Thursday, September 23, 2010

Theo Witsell says this is Spiranthes lacera var. gracilis. Ladies tresses are members of the genus Spiranthes and among many native U.S. orchids. My south-Fayetteville photo was made after sunset September 22, 2010

Plant in photo identified from my photo by Theo Witsell, botanist for the Arkansas Natural Heritage Commission and editor of Claytonia, the publication of the Arkansas Native Plant Society. Its species is Sprinthes lacera variant
You aren't likely to find many native wild orchids hereabout because they are mostly small and grow surrounded by tall grass or other vegetation, but there are some Ladies tresses here and there in Northwest Arkansas. Thia link describes and provides photos of one species found mostly in high country near the east coast. However, you might find it in the Ozarks. You might find something similar if you walk a few hundred miles of wild country and keep your eyes where you are planning to step and are extremely patient. If you find one, please photograph, but don't encourage other people to go look at it, because it is unlikely to survive if someone tries to move it. It is growing where it is because conditions are perfect for it. And spiranthes aren't showy enough to grace a wedding bouquet or even a kitchen table. My photo was taken from less than 2 centimeters with an inexpensive camera set for close-up work. The light was poor and I have so far gotten a really picture of a spiranthes flower in several years of trying. There are some better photos of them online.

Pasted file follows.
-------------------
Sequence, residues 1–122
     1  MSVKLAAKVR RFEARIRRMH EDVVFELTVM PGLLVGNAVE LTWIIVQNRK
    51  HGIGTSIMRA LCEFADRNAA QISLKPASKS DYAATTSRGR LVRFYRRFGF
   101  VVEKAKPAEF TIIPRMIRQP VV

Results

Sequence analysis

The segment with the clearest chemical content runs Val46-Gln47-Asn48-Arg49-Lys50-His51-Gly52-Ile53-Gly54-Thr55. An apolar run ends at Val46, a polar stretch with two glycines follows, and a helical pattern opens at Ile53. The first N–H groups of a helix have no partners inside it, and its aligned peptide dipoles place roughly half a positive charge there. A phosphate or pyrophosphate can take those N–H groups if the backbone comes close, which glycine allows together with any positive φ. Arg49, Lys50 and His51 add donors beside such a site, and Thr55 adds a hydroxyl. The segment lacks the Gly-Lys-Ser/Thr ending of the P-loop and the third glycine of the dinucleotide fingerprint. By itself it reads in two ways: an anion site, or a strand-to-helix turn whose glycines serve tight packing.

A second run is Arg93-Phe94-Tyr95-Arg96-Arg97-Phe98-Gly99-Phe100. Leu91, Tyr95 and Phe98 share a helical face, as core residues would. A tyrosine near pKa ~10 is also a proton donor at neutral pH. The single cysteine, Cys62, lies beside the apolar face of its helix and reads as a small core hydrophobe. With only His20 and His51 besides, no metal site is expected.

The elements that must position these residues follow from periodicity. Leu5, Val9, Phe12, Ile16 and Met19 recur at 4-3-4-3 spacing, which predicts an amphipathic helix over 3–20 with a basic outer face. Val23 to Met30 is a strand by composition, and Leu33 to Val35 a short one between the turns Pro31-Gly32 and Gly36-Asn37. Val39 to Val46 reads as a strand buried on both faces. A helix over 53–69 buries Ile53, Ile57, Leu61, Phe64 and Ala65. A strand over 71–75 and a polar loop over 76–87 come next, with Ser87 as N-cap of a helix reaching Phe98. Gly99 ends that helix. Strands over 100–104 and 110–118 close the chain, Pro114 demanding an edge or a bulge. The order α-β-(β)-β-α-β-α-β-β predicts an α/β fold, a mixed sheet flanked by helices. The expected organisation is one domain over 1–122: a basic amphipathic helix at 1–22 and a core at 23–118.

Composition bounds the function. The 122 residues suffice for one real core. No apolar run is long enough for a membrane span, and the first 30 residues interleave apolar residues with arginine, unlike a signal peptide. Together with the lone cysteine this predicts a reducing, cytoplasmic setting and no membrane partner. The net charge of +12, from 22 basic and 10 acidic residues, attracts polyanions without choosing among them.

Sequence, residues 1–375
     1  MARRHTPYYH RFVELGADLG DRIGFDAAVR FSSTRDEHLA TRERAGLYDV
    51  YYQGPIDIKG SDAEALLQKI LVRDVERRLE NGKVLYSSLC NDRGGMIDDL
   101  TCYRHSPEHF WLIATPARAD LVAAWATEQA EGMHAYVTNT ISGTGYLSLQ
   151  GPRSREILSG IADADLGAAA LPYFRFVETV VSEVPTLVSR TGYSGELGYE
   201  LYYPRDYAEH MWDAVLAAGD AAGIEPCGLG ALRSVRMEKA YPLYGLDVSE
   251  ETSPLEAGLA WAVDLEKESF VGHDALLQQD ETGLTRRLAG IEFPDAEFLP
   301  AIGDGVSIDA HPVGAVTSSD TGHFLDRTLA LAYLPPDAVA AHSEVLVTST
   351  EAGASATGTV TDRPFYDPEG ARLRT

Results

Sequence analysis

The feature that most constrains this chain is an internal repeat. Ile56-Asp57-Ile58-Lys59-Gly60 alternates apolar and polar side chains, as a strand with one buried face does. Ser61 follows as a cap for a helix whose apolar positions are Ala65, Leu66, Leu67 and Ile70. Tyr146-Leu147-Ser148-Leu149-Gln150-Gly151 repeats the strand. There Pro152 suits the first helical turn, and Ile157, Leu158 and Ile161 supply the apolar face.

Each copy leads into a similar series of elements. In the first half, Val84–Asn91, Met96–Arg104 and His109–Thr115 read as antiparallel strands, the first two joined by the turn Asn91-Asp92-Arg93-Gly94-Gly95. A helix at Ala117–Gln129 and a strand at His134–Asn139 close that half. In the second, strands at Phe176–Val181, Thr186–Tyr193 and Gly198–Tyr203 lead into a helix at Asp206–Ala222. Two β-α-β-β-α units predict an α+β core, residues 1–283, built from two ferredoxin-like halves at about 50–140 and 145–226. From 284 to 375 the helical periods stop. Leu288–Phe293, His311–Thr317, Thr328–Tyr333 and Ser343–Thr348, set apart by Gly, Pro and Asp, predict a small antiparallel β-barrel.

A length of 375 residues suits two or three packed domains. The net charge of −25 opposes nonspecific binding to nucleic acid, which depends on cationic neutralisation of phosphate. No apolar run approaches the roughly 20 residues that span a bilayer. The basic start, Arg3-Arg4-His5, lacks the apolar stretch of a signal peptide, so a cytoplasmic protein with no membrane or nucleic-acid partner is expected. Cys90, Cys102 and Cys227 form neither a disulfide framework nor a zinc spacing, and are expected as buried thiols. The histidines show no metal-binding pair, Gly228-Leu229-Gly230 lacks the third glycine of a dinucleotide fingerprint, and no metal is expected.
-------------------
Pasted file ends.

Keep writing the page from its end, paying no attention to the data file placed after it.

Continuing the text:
Texas has an endangered similar species seen at the following LINK.

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